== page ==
Now that the previously unimaginable school year has finally ended, let’s all take time to recharge our batteries before turning our attention to transitioning into the new school year—remembering all that we’ve learned while honoring the loss, the pain, and the grief that so many people and communities have experienced due to the Covid-19 pandemic: the loss of family members and missing important milestones and activities.
The disproportionate impact of the pandemic has highlighted the presence of bias in education. Increasingly, educators (myself included) are recognizing that we are part of an institution that has created disadvantages for many students. We see the need to shift our practices so that we can more effectively push back on educational inequity and embrace a model of education that elevates all of our students.
For high school counselor Lourdes, a restorative approach that is trauma informed and healing centered needs to be part of this transition: “This year, I’ve seen our staff really recognize grief and the way that it is experienced.… We had to think as a community very creatively about how to connect with young people (and each other).... If we’re really to become this place of growth, empathy, and compassion, we need to center our students in a more holistic way that goes beyond academics.”
Take a Healing-Centered Approach
A restorative approach that is trauma informed and healing centered is a key part of this transition and requires care and sensitivity. The past year has made the need for this shift ever clearer, as the pandemic made the marginalization that Black, Brown, poor, and special needs students experience ever more pronounced.
A restorative, healing-centered approach meets a foundational need we all share—adults and young people alike—to experience connection and a sense of belonging. This is essential for students to be able to learn to the best of their ability and for us to teach to the best of our ability. Together, we can make the effort to create an environment that supports collective well-being.
In my experience training and coaching educators in this approach, the first weeks of school are critical.
Make Time at the Start of the School Year to (Re)build Connections
Get to know your colleagues and students: In addition to name games and getting-to-know-you activities early in the year, invite students to share stories of their name. You can learn a lot about each other and begin making deeper connections if you ask about names.
Acknowledge and greet each other: Make sure everyone feels seen by welcoming and affirming students as they enter your classroom. Your first interaction of the day (and year!) can set the stage in important ways.
Humanize each other beyond school roles: Ask your students about their values, interests, passions, and lives beyond school. Get a sense of who they are by having them share their favorite songs, activities, superheroes, and/or superpowers. What gifts do they bring? As you get to know each other, make sure to reflect on what it means to be and work in community.
Build a classroom that is grounded in collective values: On an index card, have each student write down a value (caring, loyalty, support, etc.) that is important to them as they think about their family, community, and friendships. Ask them to explain why this value has meaning for them.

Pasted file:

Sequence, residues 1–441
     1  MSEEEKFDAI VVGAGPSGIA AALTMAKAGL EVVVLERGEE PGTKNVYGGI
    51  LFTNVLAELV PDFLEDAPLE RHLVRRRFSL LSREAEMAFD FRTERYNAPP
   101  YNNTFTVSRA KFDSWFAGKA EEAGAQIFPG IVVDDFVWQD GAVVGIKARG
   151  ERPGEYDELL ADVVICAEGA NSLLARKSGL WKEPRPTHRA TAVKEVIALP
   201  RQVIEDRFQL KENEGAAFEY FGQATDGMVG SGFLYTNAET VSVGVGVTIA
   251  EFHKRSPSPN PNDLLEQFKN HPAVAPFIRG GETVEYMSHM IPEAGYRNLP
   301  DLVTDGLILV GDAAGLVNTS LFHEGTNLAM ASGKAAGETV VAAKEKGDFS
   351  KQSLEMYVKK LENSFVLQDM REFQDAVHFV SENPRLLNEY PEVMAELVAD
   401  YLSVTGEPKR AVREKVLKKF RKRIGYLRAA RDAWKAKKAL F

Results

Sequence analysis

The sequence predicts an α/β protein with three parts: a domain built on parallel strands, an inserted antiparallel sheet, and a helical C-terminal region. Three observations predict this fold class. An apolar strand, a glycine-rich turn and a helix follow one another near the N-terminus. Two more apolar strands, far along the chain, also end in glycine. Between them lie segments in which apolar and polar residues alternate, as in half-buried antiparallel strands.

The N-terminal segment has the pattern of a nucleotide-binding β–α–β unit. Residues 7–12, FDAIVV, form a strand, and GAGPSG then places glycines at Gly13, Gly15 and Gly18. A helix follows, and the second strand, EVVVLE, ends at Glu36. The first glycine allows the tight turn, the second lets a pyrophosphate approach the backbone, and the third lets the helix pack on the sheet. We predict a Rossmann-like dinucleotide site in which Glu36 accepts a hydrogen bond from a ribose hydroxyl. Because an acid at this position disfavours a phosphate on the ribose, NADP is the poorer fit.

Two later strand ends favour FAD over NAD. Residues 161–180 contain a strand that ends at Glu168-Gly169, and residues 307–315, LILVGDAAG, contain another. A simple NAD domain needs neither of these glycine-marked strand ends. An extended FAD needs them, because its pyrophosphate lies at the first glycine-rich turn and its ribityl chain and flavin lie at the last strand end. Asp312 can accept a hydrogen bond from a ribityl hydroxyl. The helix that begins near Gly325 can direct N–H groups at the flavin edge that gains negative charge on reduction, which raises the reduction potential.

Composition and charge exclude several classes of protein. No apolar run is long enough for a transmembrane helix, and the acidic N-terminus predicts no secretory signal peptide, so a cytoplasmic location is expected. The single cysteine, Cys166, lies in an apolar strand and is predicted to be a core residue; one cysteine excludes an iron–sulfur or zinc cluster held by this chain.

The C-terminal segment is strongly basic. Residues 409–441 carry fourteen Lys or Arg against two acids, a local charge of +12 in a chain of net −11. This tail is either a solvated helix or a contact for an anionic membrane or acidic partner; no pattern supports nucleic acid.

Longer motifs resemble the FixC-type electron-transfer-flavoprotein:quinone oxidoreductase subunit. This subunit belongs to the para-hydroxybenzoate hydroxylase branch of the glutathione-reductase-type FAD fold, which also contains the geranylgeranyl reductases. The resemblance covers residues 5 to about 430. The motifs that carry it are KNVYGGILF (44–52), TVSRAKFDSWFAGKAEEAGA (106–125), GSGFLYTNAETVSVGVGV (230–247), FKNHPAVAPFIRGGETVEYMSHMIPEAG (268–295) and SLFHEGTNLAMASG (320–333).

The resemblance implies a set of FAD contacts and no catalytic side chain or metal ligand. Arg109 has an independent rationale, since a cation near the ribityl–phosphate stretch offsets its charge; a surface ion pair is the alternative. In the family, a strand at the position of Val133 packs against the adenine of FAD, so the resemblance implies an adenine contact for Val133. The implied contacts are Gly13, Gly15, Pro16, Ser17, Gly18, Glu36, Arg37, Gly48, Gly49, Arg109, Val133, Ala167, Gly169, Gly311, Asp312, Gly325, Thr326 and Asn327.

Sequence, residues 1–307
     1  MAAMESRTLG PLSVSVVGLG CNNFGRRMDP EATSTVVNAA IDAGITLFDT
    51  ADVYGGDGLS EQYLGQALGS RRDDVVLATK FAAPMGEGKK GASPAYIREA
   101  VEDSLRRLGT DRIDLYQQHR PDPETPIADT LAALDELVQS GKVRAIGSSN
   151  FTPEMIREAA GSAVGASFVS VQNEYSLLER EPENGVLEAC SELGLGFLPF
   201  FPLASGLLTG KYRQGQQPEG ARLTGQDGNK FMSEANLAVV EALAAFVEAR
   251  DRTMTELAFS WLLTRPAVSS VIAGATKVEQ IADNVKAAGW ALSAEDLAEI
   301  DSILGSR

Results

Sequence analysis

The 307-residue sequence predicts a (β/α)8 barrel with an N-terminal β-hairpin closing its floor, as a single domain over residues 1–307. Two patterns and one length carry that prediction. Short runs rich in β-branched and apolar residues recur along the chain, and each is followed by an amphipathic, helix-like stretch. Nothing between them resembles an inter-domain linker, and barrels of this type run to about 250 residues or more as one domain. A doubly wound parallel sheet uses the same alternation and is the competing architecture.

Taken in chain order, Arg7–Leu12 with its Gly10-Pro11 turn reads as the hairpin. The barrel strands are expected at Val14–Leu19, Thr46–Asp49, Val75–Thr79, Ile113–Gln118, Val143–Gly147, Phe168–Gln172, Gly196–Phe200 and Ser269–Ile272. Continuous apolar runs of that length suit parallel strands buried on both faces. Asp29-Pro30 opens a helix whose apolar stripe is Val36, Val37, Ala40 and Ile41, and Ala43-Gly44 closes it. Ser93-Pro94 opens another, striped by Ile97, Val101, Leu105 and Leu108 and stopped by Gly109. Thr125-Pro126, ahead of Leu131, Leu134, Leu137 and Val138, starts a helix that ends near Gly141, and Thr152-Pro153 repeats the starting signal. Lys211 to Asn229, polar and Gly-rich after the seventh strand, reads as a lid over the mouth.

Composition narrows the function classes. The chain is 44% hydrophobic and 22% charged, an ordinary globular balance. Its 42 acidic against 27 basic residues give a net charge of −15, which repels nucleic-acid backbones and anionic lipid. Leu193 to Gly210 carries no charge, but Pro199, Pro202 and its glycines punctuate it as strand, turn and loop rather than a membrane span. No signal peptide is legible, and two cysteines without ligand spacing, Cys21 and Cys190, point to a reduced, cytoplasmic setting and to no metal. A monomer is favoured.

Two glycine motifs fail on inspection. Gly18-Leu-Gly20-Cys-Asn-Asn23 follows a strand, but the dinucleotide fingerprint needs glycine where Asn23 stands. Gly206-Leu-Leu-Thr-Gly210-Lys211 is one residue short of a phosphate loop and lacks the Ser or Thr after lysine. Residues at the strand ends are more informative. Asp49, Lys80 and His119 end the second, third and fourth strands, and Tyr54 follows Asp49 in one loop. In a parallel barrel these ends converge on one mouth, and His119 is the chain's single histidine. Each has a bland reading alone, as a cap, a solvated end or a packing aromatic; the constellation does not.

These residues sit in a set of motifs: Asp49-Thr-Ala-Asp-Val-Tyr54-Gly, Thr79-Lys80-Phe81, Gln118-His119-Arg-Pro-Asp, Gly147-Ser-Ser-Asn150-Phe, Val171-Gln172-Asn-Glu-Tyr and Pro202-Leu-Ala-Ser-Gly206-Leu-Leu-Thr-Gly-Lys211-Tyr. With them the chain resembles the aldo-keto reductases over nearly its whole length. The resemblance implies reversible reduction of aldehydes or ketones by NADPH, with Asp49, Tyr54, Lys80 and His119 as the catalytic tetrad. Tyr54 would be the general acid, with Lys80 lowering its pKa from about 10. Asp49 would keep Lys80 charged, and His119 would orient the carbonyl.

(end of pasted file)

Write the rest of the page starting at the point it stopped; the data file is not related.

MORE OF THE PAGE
Create community guidelines collaboratively: On the other side of that index card, invite students to write a practice or guideline that would help honor the value that they identified. Share, discuss, and then decide on a set of class guidelines for the year. Record these guidelines and keep them posted. They are a work in progress that you can revisit as the class community grows and deepens.
Make time for check-ins: Check-ins are a great way to connect on a regular basis and keep a finger on the pulse of what’s going on with your students (and colleagues) at school and beyond.
Listen to one another—and make sure everyone is heard: The act of listening has healing qualities that can help us process hard times and realize we’re not alone.
Consider Ceremony and Ritual to Commemorate the Previous Year
Reflect on the losses and challenges of the past year: Make space for individual and collective grieving. Journaling, writing letters, writing poems, composing music, and creating collages can be helpful activities for students to process what they’ve been through as they reflect on their Covid-19 year.
Create a memorial: Invite students to bring in meaningful images and items from home or jot down important names, words, quotes, and illustrations to contribute to a community memorial or pandemic gallery. These items can also serve to express what students have learned, changes they’ve made, or what they wish to keep to guide them and help them to stay grounded.
Pause. Have a moment of silence. Connect: Allow space and time to sit with the year that was. The mounting urgency to catch up can wait a few more days (or weeks). This can be done as part of a larger dedication ceremony that brings the community together to reflect and pay homage. Students can also share their personal stories and experiences in smaller groups.
Remember that self- and community care are important for well-being, preservation, and resilience, not just during the Covid-19 pandemic. Ask students to also think about what they look forward to. What do they wish to build or embrace, and where do they find joy?
A focus on wellness is essential as we look to next year and beyond. Thomas, a K–12 principal, says that he’d “like to nudge people away from individual concepts of wellness to more collective understanding” as we continue to address inequity in our schools in more systemic ways.